Brochure of Collier-Seminole State Park in Florida. Published by Florida State Parks.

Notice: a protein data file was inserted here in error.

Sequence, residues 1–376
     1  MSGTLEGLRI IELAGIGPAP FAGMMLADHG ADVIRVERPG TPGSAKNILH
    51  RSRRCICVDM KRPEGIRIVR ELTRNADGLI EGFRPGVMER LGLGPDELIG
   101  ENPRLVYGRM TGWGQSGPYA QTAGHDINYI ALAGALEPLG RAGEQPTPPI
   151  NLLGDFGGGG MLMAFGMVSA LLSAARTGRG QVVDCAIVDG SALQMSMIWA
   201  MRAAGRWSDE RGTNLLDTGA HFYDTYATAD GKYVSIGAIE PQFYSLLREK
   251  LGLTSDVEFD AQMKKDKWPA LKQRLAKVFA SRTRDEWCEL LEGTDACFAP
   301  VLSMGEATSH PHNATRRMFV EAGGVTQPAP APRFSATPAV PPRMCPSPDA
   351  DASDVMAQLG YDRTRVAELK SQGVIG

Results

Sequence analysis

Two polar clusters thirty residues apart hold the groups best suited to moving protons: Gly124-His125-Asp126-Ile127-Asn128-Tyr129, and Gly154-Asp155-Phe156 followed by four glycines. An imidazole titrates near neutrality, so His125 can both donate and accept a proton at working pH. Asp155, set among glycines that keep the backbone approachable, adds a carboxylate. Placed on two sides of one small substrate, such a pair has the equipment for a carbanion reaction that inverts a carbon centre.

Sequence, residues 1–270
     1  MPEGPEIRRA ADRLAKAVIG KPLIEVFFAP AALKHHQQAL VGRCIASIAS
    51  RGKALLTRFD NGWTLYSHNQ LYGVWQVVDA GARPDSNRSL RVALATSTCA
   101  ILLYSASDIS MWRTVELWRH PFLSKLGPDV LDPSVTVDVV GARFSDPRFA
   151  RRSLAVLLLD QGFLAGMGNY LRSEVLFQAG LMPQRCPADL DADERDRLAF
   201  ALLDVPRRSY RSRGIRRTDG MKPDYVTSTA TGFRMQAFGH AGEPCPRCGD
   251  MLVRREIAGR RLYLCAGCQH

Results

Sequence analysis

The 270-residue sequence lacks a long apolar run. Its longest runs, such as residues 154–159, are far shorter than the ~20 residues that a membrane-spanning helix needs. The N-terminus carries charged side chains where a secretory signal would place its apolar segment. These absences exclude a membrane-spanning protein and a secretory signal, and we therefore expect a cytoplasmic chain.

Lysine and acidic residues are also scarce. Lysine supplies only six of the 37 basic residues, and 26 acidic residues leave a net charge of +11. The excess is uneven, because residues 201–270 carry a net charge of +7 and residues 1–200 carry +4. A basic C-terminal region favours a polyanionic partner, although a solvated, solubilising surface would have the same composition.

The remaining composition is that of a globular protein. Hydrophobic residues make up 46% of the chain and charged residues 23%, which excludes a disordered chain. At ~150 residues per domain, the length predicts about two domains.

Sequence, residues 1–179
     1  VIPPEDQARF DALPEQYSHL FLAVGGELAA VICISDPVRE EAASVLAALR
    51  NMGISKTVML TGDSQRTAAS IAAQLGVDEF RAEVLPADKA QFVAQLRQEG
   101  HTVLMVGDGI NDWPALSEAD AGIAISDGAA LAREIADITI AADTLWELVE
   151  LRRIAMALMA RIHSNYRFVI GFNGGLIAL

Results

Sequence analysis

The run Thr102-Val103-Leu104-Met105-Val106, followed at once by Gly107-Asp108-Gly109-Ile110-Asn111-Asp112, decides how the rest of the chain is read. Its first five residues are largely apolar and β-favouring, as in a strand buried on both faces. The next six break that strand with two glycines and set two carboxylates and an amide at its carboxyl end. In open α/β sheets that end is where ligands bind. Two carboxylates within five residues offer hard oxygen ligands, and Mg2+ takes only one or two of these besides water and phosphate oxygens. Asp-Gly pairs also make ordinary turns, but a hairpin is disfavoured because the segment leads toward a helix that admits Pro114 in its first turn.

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Florida State Parks Florida Department of Environmental Protection Division of Recreation and Parks History & Nature The park was originally created by Barron Gift Collier to preserve the royal palms, and later the park was donated to the County. The park then served as a memorial to Barron Collier and those who fought on both sides of the Seminole Wars. In 1947, the county donated the land which became Collier-Seminole State Park. In the 1700s, Seminole Indians emigrated from the Creek Confederacy to Florida. Three wars took place to remove the Seminoles from Florida and send them to reservations. During the Third Seminole War, the Seminoles resisted and retreated to the swamps of southwest Florida. Soldiers searching for the Indians drew maps. One crude 1857 military map illustrates the Blackwater River with an area labeled “palm grove.” That area, now a part of the park, contains the beautiful royal palms. In the early 1920s, advertising tycoon and pioneer developer, Barron Collier purchased nearly a million acres in southwest Florida. In 1923, it became Collier County. Barron Collier was a major investor in developing the Collier County section of the Tampa-to-Miami highway, the Tamiami Trail. Collier-Seminole State Park 20200 E. Tamiami Trail Naples, FL 34114 (239) 394-3397 FloridaStateParks.org • • • • • • • • • • • • Park Guidelines Southwest Florida Collier-Seminole State Park Where the majestic royal palms grow Hours are 8 a.m. until sunset, 365 days a year. An entrance fee is required. Plants, animals and park property are protected. Pets must be kept on a leash no longer than 6 feet and well behaved at all times. Please file a float plan at the ranger station when boating in the park. A Florida fishing license may be required. Fireworks and hunting are prohibited. Alcoholic beverage consumption is allowed in designated areas only. Become a volunteer. Inquire at the ranger station. For information about Friends of Collier-Seminole State Park, call (239) 394-3397. For camping information, contact Reserve America at (800) 326-3521 or (866) I CAMP FL or TDD (888) 433-0287 or visit ReserveAmerica.com. Florida’s state parks are committed to providing equal access to all facilities and programs. Should you need assistance to enable your participation, please contact the ranger station. Alternate format available upon request at any Florida state park. SM National Gold Medal Winner Created on 12/15 Florida State Parks - “America’s First Three-Time Winner” Real Fun in The 7,271-acre Collier-Seminole State Park lies partly within the great mangrove swamp of southern Florida, one of the largest mangrove swamps in the world. A wide variety of wildlife, including several imperiled species, inhabits this unusual blend of temperate and tropical native plant communities. Collier-Seminole State Park features vegetation and wildlife typical of Florida’s Everglades. Although rare elsewhere, the park covers one of three original stands of royal palms in Florida, coexisting with large areas of mangrove swamp. The park is the site of a National Historic Mechanical Engineering Landmark, the last existing Bay City Walking Dredge. Built in 1924, it was used to build the Tamiami Trail Highway (U.S. 41) through the Everglades and Big Cypress Swamp, linking Tampa and Miami and opening southwest Florida to travelers. Campground sites have electricity, water, a grill and a picnic table. The restrooms have hot showers and one has a laundry facility. A centralized dump station is available for RV campers. Park programs are offered from December to March. Park rangers present programs on a variety of topics about the park’s plants, animals and history. Visit our website for park programs. Visitors can experience this park’s remarkable wilderness on several trails. The Blackwater River originates in the park and meanders several miles through the mangroves to Blackwater Bay and the Ten Thousand Islands. The park has canoe rentals along with a boat ramp that provides access to the Blackwater River. Other trails offer opportunities for bicycling, hiking and nature observation. Directions Take I-75 south from Tampa to exit 101 (State Road 951/Collier Blvd.). Follow State Road 951 south to U.S. 41; turn left. The park is eight miles south on the right.